Hard Rock boss confers with NJ governor on casino smoking
ATLANTIC CITY, N.J. — The chairman of the global Hard Rock casino and entertainment company spoke recently with New Jersey Gov. Phil Murphy about the "economic challenges" of banning smoking in casinos, which a bill pending in the state Legislature would do.
Murphy has said he will sign a bill banning smoking in the nine Atlantic City casinos if the Legislature passes it. A spokeswoman said Monday he maintains that stance, but declined further comment.
Jim Allen, chairman of Hard Rock International, told The Associated Press on Monday that smoking was one of several topics he discussed with the governor in recent weeks.
"I don't think I was trying to change the governor's mind," Allen said. "It was a general conversation about the economic challenges of a smoking ban and the impact it would have" if one were enacted.
"We operate in many states where smoking is not allowed," Allen said. "When you look at markets where smoking has been banned, there have been significant double-digit declines" in casino revenue."
Anti-smoking advocates say the casinos are overstating the potential economic impacts of banning smoking, predicting that customers and revenues will return after an initial adjustment period.
For two years, a group of Atlantic City dealers has been pushing lawmakers to prohibit smoking in the casinos.
The casinos' trade group, The Casino Association of New Jersey, opposes a smoking ban. It commissioned a report in February that predicted widespread job and revenue losses if smoking were prohibited in Atlantic City's casinos.
In the meantime, the casinos' financial picture has been slowly improving. Atlantic City's casinos collectively saw their profitability increase in the first quarter of this year compared not only with a year earlier, but also to the pre-pandemic period.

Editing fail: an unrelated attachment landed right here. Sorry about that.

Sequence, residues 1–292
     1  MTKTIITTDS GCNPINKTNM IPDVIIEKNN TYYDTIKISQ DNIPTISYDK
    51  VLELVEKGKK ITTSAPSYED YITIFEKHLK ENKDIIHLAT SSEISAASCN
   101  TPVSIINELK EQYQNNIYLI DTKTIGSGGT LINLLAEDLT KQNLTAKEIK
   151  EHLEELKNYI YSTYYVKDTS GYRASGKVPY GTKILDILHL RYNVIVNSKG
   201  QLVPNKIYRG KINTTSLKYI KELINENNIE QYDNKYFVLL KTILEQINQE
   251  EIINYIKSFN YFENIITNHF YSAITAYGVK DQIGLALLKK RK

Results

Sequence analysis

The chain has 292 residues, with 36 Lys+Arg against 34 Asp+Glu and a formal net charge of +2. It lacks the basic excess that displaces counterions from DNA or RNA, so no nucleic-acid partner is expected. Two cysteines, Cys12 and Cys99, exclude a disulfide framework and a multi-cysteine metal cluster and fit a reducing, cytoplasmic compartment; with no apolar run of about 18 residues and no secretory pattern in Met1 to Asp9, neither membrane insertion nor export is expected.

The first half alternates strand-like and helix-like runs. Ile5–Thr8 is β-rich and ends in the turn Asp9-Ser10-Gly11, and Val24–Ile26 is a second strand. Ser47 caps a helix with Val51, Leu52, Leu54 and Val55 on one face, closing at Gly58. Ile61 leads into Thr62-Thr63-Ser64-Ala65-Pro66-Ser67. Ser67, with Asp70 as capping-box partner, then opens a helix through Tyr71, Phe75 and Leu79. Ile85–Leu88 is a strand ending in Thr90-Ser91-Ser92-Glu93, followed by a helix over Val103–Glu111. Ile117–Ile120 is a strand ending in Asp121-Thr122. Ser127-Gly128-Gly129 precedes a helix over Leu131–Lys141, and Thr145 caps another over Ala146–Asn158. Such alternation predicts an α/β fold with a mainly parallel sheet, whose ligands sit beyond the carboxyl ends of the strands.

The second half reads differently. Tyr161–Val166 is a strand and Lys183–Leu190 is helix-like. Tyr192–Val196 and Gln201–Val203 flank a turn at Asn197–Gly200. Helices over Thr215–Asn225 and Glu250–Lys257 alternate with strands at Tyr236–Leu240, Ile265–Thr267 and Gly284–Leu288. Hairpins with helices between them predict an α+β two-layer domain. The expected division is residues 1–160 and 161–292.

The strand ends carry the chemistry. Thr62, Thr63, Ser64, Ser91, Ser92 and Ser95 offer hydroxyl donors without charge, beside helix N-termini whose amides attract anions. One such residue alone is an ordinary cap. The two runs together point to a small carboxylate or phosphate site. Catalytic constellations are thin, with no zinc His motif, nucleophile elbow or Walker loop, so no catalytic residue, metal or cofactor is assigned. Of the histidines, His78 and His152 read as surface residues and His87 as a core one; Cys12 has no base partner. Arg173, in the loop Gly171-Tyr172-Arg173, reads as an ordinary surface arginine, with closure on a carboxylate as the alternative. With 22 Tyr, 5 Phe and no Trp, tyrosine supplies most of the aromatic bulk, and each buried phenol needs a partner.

But only four of the nine casinos individually reported higher gross operating profits than they did in the first quarter of 2019, before the coronavirus pandemic took hold.
In terms of gambling revenue, New Jersey's casinos, horse tracks that offer sports betting and the online partners of both types of gambling outlets won $422 million from gamblers in April, up 20% from a year earlier.
And the casinos' core business, revenue won from in-person gamblers, surpassed the level of April 2019, before the coronavirus pandemic hit — an encouraging metric for Atlantic City's brick-and-mortar casino industry, whose revenue has been struggling to rebound from pre-pandemic levels.
But much of those increases were attributable to the two newest casinos, Hard Rock and Ocean, as has been the case for the past few years.
New Jersey's clean-air law banning smoking in most public places contains an exception for casinos. (A local law in Atlantic City limits smoking to no more than 20% of the casino floor.)
The bill has sat untouched for months in the state Legislature. Asked when or whether they planned committee hearings on the bill, a spokesman for state Senate President Nicholas Scutari declined comment, and a spokeswoman for Assembly Speaker Craig Coughlin said, 'We're working toward a plan."
The measure has 16 Senate co-sponsors and 37 Assembly co-sponsors, representing nearly half of each chamber, said Chris Moyer, a spokesman for casino smoking opponents.
He noted that New York, where Hard Rock is also seeking to build a casino, would prohibit smoking there, and predicted New Jersey's casino smoking ban bill "will pass with flying colors" once it is put up for a vote.